METH-induced TNF-α and IL-10 secretion is P2X7R dependent. P2X7R expression was silenced around 80% compared to scrambled siRNA in ESdM cells (a). Cytokines TNF-α and IL-10 showed trend toward increased expression after treatment with METH (100 μM) (data not shown). Following P2X7R silencing, there was a significant (*p < 0.0363) decrease in TNF-α in response to METH when compared to scrambled siRNA (b). Evaluation of IL-10 release showed increased trend with METH treatment followed by a decreased trend with P2X7R silencing, which was not statistically significant (b)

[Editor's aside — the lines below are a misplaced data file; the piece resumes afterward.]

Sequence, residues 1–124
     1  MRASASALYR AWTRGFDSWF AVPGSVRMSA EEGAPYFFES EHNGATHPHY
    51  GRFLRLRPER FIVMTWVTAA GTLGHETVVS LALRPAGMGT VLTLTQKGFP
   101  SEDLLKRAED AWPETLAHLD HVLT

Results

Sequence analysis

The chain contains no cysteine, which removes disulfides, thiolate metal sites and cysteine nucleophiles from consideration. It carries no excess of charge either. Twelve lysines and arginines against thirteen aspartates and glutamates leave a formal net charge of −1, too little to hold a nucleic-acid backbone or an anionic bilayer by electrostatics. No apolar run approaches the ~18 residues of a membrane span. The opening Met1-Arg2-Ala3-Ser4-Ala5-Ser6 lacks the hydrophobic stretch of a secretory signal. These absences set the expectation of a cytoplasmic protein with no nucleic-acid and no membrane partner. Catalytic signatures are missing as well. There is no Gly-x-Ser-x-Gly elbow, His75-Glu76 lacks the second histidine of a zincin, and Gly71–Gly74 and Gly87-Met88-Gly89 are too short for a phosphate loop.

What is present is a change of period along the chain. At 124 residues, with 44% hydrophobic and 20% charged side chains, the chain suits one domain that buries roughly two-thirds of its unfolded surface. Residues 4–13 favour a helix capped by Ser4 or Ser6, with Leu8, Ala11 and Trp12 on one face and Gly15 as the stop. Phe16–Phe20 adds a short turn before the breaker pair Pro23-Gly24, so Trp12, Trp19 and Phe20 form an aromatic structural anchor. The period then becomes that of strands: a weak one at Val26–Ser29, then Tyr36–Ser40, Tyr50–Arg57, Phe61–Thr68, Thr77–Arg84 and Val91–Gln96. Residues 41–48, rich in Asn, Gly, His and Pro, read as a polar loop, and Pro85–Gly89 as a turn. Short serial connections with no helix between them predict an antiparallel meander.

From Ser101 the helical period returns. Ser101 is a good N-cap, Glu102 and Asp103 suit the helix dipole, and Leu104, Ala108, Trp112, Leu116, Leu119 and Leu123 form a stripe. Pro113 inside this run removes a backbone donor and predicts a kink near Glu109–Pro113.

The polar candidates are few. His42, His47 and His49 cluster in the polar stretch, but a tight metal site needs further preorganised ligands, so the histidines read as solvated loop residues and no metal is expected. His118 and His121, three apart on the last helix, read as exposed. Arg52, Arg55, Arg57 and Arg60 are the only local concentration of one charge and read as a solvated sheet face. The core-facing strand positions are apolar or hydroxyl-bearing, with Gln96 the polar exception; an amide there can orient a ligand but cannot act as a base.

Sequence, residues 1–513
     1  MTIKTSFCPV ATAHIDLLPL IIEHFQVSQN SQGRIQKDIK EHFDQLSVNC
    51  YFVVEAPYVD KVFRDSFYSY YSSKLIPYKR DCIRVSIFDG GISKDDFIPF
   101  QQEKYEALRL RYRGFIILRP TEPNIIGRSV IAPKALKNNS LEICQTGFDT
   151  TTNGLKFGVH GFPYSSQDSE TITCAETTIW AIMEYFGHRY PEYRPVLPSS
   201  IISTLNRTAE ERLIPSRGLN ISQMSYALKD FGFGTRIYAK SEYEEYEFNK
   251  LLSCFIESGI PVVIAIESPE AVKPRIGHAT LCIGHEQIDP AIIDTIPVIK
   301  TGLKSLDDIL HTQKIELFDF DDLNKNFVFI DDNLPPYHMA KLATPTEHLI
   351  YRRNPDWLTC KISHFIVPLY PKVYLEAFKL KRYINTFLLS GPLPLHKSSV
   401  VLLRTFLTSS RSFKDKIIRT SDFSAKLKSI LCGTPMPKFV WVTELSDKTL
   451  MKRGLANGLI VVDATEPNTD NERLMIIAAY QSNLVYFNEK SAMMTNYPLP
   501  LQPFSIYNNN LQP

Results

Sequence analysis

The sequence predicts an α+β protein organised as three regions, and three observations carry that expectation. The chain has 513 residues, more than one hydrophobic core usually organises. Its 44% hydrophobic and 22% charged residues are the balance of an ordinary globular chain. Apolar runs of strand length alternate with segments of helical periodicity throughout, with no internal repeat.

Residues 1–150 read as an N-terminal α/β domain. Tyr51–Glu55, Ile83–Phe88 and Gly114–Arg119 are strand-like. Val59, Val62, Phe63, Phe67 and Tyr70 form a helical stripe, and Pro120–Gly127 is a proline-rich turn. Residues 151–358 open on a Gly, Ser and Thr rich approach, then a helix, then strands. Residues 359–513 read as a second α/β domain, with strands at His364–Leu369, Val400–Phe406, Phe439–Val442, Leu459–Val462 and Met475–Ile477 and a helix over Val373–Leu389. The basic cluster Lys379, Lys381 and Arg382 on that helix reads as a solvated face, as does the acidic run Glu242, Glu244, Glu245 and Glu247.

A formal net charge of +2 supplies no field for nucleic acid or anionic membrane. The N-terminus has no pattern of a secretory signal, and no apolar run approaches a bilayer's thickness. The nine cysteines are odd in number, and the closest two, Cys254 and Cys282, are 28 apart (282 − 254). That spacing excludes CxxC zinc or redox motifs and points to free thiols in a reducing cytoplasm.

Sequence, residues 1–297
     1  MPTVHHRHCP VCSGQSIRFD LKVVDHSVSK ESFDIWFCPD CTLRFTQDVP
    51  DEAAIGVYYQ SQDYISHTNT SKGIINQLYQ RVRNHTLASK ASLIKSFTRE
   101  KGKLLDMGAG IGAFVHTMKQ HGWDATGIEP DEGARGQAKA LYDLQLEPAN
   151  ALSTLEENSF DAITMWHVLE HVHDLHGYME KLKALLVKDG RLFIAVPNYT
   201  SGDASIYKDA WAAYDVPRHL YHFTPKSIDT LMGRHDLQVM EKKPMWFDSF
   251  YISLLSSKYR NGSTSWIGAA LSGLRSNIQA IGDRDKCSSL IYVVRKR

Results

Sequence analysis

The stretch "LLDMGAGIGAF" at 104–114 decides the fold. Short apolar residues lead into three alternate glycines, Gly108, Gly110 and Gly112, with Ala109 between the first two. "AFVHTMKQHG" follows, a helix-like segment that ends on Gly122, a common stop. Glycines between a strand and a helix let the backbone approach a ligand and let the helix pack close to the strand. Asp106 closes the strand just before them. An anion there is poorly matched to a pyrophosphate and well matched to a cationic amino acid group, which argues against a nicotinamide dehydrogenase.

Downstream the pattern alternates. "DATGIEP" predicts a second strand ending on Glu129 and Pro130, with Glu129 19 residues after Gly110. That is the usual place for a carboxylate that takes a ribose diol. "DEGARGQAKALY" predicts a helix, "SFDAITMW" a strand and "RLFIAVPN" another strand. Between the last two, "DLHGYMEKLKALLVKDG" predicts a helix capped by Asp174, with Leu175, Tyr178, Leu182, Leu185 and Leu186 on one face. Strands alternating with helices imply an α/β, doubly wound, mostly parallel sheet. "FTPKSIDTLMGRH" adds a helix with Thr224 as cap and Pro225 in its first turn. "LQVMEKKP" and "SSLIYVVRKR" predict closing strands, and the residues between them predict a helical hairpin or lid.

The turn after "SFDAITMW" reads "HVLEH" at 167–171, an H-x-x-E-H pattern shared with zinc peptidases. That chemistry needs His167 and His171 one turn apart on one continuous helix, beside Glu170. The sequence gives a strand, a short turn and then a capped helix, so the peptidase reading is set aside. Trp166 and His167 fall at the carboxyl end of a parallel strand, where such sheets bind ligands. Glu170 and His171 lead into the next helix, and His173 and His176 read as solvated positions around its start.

Chronic METH decreases tyrosine hydroxylase expression in vivo

Most recreational METH abusers initially use lower doses, progressively increasing to higher doses and eventually engaging in increased amount and frequency of drug intake [4143]. In this current study to simulate a similar pattern, we used an escalating METH dose schedule for our in vivo mouse experiments to investigate the deleterious effects of METH [4144]. Male C57BL/6 mice were subjected to an escalating non-toxic dose of METH up to 10 mg/kg over a 7-day period (Fig. 5a), and immunohistochemical analysis of tyrosine hydroxylase (TH) was performed to evaluate dopaminergic depletion (Fig. 5b) [42, 45, 46]. In accordance with postmortem evaluation of its expression in humans and in vivo data from rodents, there was a dramatic depletion (p < 0.0001) (Fig. 5c) in TH within the striatum of METH-treated animals in comparison to control [4749].
Fig. 5